- Energy efficiency – There is energy efficiency being gained in many areas. From energy saving bulbs, cars, generators to Xtreme Fuel Treatment products, energy consumption including those from oil will decrease.
- Population and global economic growth – A counter argument is that world’s population is growing which means more energy will be needed. However, growth in population is more in countries that consume very little energy per capita while growth is mostly stagnant or even negative in heavy energy consuming nations. Some analysts believe that low oil prices will actually trigger more demand letting loose consumption that was previously suppressed. While this may be true, it is definitely not a safe bet given that overall global economic growth is weak and may remain so for the near future.
The Crude Strategy
The challenges we are facing now present a unique opportunity for oil producing countries and energy companies to rethink their strategies. It requires thinking about the unthinkable such as if crude oil is no longer required as the main source of energy to power the global economy. It is conceivable that oil may become less important and perhaps its byproducts will become mainstream. The knock-on effect would be a disruption not only to the oil industry but also many sectors that depend on or provide services to the sector - but like the end of the Stone Age, new sectors and opportunities will emerge. While this scenario will take some decades to play out, it is increasingly becoming a question of when rather than if.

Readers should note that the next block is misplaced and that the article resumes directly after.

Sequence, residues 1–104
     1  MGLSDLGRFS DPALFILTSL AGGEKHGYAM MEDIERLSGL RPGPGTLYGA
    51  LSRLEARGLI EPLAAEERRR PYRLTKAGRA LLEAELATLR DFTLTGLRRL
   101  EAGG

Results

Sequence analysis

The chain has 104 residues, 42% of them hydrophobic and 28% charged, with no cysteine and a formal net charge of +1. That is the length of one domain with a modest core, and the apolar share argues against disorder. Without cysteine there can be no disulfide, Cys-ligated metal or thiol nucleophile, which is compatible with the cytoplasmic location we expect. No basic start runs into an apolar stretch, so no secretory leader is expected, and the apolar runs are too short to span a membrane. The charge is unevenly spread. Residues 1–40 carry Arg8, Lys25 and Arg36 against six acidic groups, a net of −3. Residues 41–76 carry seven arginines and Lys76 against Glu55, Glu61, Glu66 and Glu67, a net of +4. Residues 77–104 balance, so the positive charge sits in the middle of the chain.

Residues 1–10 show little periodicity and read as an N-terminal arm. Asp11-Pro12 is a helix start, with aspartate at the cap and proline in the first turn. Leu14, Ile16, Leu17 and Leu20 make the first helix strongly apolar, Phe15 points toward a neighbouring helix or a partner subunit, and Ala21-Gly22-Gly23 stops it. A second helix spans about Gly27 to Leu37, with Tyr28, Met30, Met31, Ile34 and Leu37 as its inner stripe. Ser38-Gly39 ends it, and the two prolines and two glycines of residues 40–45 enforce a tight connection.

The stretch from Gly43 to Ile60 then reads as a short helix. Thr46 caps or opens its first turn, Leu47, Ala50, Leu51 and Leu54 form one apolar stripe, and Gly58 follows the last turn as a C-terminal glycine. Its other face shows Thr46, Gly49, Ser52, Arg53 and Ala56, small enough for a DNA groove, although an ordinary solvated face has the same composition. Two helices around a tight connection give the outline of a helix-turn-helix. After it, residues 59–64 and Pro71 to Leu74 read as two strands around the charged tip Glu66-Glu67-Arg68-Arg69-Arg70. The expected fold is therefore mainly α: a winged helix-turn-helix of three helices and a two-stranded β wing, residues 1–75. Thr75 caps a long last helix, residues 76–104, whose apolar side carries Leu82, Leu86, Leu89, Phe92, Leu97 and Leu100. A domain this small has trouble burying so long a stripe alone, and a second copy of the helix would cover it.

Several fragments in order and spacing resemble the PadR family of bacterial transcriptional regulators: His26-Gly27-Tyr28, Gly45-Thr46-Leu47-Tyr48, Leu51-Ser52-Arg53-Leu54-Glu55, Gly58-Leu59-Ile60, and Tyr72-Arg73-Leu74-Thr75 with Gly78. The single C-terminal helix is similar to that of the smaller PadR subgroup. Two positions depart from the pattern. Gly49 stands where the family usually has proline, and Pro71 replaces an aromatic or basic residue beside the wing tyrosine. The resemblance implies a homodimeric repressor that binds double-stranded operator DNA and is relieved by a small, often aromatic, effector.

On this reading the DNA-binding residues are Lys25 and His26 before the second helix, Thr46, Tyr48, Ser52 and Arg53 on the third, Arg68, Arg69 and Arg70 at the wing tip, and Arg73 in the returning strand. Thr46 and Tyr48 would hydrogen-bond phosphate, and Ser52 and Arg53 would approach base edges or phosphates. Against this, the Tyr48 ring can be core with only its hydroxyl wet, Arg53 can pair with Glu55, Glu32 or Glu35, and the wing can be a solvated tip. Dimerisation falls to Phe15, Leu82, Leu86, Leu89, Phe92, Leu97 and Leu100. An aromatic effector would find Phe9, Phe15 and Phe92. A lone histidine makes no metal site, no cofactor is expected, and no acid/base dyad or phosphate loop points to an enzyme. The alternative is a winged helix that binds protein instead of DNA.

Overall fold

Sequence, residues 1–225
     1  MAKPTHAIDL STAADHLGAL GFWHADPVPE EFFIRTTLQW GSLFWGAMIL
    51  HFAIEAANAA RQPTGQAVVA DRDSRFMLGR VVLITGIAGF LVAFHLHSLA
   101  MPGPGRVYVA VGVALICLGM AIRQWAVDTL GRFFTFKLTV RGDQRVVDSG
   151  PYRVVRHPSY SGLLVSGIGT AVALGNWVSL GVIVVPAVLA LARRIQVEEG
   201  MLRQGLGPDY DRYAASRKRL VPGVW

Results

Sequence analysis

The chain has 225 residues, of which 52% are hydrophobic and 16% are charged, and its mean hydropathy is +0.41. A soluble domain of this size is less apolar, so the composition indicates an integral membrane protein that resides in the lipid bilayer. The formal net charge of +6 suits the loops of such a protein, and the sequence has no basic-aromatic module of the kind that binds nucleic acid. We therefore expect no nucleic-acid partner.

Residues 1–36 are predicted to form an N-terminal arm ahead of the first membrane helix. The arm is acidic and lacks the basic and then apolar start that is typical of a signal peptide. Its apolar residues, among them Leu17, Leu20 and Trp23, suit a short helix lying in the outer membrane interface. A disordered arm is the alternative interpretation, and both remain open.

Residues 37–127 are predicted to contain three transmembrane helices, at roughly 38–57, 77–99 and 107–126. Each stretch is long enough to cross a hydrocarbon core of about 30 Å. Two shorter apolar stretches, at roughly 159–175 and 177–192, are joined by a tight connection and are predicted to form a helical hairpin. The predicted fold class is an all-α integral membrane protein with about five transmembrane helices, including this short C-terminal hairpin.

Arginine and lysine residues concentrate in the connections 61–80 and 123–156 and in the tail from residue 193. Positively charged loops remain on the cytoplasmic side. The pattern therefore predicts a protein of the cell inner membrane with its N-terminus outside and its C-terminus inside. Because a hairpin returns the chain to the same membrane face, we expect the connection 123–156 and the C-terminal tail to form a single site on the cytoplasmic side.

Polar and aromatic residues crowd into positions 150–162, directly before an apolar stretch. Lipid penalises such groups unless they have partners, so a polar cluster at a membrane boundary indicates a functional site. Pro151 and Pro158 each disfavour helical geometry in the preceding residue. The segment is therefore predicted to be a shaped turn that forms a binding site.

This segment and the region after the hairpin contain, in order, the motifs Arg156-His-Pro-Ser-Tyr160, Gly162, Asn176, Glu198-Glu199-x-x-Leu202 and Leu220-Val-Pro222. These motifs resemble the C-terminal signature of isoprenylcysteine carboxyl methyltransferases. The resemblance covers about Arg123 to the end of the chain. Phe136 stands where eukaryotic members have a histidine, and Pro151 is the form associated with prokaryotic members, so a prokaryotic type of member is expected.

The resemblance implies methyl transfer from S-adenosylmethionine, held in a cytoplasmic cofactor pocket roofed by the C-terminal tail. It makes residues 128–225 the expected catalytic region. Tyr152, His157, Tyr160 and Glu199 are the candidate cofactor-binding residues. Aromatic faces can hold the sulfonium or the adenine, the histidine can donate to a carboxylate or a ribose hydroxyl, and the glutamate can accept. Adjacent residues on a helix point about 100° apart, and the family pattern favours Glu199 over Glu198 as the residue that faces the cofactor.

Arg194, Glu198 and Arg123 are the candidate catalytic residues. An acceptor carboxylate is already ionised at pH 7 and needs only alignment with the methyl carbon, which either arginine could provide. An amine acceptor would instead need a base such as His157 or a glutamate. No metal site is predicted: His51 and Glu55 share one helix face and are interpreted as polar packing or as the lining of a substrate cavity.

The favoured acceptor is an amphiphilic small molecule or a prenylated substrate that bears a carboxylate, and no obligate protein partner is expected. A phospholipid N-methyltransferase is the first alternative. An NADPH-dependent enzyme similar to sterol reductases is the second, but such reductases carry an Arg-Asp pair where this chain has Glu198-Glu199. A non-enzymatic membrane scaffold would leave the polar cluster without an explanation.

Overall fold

Low oil prices may not only become the new normal but may become desirable as the lesser of two evils for producing counties. Low or no margins would require oil producers to focus even more on cost cutting and overall efficiency. This could mean that oil companies may be less able to afford attractive compensations and perhaps even need less people but more machines.
Nigeria’s GDP shows that the economy is diversified but many of the sectors are largely informal, uncompetitive and not very productive to earn tax revenues for government and generate foreign exchange receipts. Tourism for instance can create millions of jobs and generate billions of dollars for the economy but requires good infrastructure, better perception about the country, and addressing insecurity to thrive.
On the fiscal side, the failure to pass the Petroleum Industry Bill when the price of oil was high and oil companies were willing and able to invest was a missed opportunity. The continued price regulation of petrol even when the market price is naturally below the pump price will even be a bigger opportunity missed for the sector to be fully deregulated in order to attract private sector investments. There is also an opportunity to now charge tax on petroleum products based on existing laws. This can help government generate hundreds of billion naira without necessarily leading to higher prices at the pump especially for petrol.
After all is said and done, what would matter most will not be the current challenges we faced but rather how we reacted and planned ahead to survive the short term pain for long term benefits.